The Transportation Safety Board of Canada issues an investigation update into the Sikorsky S-92A helicopter accident (A09A0016)



    GATINEAU, QC, June 18 /CNW Telbec/ - The Transportation Safety Board of
Canada (TSB) is well into a comprehensive investigation of the accident of a
Sikorsky S-92A helicopter, Cougar Helicopters Flight 491, which occurred 30
nautical miles east of St. John's, Newfoundland and Labrador, on March 12,
2009.
    A thorough, unbiased investigation is necessary to understand as
completely as possible all the contributing factors involved in this accident.
To this end, a dedicated team of TSB investigators and several TSB Engineering
Laboratory specialists is working towards completing the investigation. A
number of other specialists and observers from Cougar Helicopters, Transport
Canada, Sikorsky, and the Federal Aviation Administration (FAA), along with
the accredited representative of the United States National Transportation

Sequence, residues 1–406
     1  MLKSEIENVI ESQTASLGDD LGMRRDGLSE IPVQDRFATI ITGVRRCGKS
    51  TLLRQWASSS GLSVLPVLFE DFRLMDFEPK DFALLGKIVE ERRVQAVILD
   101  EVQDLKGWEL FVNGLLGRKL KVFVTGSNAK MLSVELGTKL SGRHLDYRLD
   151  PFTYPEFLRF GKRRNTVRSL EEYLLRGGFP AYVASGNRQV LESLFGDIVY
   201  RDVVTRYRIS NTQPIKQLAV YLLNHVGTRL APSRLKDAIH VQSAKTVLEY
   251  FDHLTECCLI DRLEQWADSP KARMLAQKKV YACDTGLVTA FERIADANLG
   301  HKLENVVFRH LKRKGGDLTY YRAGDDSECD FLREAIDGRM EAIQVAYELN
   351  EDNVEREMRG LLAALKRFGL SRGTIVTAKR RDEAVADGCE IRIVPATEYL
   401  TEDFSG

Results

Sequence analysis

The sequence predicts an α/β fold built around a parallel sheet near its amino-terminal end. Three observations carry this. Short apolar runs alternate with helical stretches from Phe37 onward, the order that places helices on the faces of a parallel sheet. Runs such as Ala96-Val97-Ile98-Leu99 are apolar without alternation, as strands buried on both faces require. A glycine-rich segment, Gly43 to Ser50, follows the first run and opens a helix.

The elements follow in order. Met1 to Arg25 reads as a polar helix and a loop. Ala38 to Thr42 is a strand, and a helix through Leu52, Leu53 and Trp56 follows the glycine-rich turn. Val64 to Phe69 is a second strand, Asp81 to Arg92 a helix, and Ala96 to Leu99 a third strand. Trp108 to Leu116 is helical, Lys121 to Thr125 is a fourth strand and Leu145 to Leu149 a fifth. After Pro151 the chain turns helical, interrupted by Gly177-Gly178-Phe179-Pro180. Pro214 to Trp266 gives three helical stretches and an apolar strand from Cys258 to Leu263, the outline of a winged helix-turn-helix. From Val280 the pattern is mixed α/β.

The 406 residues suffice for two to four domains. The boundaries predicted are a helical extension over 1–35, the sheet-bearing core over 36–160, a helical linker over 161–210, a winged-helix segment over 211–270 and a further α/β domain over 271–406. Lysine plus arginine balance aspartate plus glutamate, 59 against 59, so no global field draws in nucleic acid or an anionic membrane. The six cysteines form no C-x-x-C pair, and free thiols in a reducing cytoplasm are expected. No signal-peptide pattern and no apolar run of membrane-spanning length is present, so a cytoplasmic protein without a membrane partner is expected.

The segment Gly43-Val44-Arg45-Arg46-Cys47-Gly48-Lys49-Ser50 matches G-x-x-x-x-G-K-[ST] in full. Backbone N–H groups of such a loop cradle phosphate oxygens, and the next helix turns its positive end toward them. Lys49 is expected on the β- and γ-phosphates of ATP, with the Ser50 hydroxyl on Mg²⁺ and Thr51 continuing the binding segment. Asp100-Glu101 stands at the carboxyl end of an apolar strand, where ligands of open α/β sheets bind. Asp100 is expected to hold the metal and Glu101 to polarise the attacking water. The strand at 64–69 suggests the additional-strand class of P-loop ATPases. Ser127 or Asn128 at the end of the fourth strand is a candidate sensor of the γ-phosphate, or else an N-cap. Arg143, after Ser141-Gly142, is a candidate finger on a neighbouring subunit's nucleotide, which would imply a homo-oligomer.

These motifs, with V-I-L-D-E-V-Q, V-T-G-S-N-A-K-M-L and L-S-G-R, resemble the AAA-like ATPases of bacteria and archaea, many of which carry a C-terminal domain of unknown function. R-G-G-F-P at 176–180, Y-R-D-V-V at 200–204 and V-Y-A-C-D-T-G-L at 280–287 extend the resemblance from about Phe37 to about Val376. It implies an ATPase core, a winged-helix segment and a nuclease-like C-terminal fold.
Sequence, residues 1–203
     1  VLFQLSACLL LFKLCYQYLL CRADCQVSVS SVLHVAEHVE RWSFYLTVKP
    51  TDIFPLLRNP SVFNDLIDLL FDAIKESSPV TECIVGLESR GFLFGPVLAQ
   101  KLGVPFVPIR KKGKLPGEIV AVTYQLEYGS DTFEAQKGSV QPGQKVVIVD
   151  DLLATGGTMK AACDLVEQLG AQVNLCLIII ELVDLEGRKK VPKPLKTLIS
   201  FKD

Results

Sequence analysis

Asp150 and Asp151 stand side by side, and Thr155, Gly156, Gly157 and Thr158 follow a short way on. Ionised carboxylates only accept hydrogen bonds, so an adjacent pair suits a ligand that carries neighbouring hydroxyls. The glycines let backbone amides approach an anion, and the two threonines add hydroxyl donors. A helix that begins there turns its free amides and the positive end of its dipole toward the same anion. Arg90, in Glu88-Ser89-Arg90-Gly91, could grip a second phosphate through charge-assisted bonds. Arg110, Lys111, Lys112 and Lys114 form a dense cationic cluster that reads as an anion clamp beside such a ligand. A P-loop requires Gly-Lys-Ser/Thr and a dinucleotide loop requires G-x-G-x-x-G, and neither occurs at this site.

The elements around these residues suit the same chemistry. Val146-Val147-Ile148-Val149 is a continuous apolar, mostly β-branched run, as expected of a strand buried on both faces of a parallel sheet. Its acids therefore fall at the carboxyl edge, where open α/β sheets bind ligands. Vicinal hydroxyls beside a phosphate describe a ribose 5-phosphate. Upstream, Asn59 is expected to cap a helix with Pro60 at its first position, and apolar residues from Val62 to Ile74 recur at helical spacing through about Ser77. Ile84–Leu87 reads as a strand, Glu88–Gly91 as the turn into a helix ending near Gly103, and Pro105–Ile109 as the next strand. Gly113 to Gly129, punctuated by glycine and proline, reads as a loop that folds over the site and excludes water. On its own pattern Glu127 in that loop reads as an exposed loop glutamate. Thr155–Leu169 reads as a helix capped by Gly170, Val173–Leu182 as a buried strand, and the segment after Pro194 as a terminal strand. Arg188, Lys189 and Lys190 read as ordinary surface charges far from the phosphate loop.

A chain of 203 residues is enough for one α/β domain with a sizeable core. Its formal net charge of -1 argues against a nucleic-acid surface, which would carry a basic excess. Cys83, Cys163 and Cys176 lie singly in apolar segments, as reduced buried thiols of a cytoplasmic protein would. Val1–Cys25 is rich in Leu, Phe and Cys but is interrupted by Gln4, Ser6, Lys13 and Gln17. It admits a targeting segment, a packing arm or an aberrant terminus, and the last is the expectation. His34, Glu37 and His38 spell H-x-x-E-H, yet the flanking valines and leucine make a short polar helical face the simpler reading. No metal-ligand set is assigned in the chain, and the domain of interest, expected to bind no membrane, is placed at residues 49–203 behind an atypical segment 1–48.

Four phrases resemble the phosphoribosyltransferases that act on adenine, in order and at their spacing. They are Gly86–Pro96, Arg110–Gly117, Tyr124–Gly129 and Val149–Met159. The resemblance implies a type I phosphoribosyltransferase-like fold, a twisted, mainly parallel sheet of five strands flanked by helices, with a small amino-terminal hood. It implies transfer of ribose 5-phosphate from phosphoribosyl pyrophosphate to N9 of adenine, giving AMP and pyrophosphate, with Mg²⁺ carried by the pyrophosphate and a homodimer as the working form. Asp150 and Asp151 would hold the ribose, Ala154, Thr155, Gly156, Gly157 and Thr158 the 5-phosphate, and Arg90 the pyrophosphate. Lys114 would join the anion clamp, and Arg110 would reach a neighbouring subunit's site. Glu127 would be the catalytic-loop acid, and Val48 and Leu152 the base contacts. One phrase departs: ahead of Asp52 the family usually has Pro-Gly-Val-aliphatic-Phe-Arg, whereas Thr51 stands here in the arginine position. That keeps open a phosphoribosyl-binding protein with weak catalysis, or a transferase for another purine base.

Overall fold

Safety Board (NTSB), continue to provide valuable contributions to the TSB
investigation.

    Work Completed to Date

    A significant amount of work has been completed so far, but much remains
to be done. Dozens of interviews have been conducted with individuals from
various organizations. The latest interviews were conducted in May, including
a follow-up interview with the sole survivor. More interviews remain to be
conducted in the coming weeks. Hundreds of technical and operational
documents, weather reports, air traffic control communications, incident
reports, studies, and research papers have been gathered, and the review of